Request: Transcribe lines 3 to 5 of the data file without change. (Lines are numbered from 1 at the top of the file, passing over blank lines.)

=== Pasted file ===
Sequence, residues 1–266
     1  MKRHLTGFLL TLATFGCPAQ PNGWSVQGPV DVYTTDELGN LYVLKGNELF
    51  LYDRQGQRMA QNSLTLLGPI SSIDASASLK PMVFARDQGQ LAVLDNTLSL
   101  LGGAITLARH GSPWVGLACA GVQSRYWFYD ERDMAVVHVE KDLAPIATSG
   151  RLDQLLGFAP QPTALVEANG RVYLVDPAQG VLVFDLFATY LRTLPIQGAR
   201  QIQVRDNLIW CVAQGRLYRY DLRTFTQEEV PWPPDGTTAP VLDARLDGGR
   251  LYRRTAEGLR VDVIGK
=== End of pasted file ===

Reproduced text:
    51  LYDRQGQRMA QNSLTLLGPI SSIDASASLK PMVFARDQGQ LAVLDNTLSL
   101  LGGAITLARH GSPWVGLACA GVQSRYWFYD ERDMAVVHVE KDLAPIATSG
   151  RLDQLLGFAP QPTALVEANG RVYLVDPAQG VLVFDLFATY LRTLPIQGAR